Caprylic acid is a naturally occurring fatty acid. In the ionized (deprotonated) state (neutral pH), caprylate ion is a nutrient with a well-established metabolic profile in mammals (Hirabara et al., 2006). CAP can become ionized when the pH rises above 4.8 (CRC, 2004–2005), hence in most physiological environments CAP will rapidly ionize to a benign nutrient. In a topical formulation, protonated CAP which retains antimicrobial activity can be present by maintaining a pH below 4.8. This is within the natural pH range seen in human skin (Lambers et al., 2006). Additional epithelial environments such as the vaginal canal (Lang, 1955) and digestive tract (Evans et al., 1988) also naturally maintain acidic pHs. Dermal wounds have been reported to exhibit improved healing at acidic pHs (Schreml et al., 2010). Honey, which has a pH of 3.2–4.2 (Pieper, 2009) has been directly applied to and used to treat wounds. Some clinical trials have reported an enhancement of healing with topical application of honey and the safe topical use of acidic, medical grade honey in wounds has been consistently reported (Lee et al., 2011). Wound healing has also been reported to be aided by the presence of CAP in wound beds (Pieper and Caliri, 2003; Srivastava and Durgaprasad, 2008). Due to its pK, PG naturally maintains a pH in the same range as honey. PG has been widely used in hydrocolloid wound dressings with reported benefits of maintaining a moist, acidic environment, and providing a bacterial barrier and is in several commercial wound healing sheet and paste products (Munarin et al., 2012).
We found that PG and CAP combinations are capable of rapidly eradicating representative Gram-positive, Gram-negative, and fungal biofilms within 60 min. We further found that the combination does not induce a cytotoxic response in mammalian fibroblasts. This in addition to the prior history of safe use of the individual components in wound healing and nutrition applications suggests that the combination should be suitable for topical and food disinfection uses. The synergistic, non-antibiotic, antimicrobial combination requires further in vivo testing to substantiate both its safety and efficacy.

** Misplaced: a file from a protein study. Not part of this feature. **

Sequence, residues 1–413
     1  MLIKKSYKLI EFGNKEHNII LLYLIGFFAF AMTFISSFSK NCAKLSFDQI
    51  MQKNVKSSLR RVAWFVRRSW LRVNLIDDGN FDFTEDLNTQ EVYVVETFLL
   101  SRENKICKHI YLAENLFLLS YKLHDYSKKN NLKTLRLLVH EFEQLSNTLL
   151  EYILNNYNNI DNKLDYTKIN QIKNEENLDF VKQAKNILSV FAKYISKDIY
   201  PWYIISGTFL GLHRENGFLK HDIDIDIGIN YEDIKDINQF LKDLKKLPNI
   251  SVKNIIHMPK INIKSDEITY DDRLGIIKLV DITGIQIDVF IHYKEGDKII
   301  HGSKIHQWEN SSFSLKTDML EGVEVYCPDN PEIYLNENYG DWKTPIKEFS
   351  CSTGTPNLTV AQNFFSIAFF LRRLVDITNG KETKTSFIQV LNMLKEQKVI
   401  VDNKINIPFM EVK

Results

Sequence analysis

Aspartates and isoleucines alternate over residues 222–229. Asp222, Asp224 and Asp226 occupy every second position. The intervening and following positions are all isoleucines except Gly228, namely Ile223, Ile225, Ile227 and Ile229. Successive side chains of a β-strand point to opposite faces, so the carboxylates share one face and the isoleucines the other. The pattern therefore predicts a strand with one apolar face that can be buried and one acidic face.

JR, RR, and IR designed the study. RR and NV-C performed planktonic, biofilm, and cytotoxicity assays. JR, RR, NV-C, A-MC, RH, and IR reviewed and analyzed data and contributed conclusions. JR and RR wrote the manuscript. NV-C, A-MC, RH, and IR edited the manuscript. All authors read, commented on, and approved the final manuscript.
Conflict of Interest Statement
The authors declare that the research was conducted in the absence of any commercial or financial relationships that could be construed as a potential conflict of interest.
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Keywords: caprylic acid, polygalacturonic acid, synergy, biofilm eradication, infection
Citation: Rosenblatt J, Reitzel RA, Vargas-Cruz N, Chaftari A-M, Hachem R and Raad I (2017) Caprylic and Polygalacturonic Acid Combinations for Eradication of Microbial Organisms Embedded in Biofilm. Front. Microbiol. 8:1999. doi: 10.3389/fmicb.2017.01999
Received: 01 August 2017; Accepted: 28 September 2017;
Published: 18 October 2017.
Edited by:Sara María Soto, ISGlobal, Spain
Reviewed by:Dake Xu, Northeastern University, China
Nuno Pereira Mira, Instituto de Bioengenharia e Biociências (IBB), Portugal
Copyright © 2017 Rosenblatt, Reitzel, Vargas-Cruz, Chaftari, Hachem and Raad. This is an open-access article distributed under the terms of the Creative Commons Attribution License (CC BY). The use, distribution or reproduction in other forums is permitted, provided the original author(s) or licensor are credited and that the original publication in this journal is cited, in accordance with accepted academic practice. No use, distribution or reproduction is permitted which does not comply with these terms.
*Correspondence: Joel Rosenblatt, firstname.lastname@example.org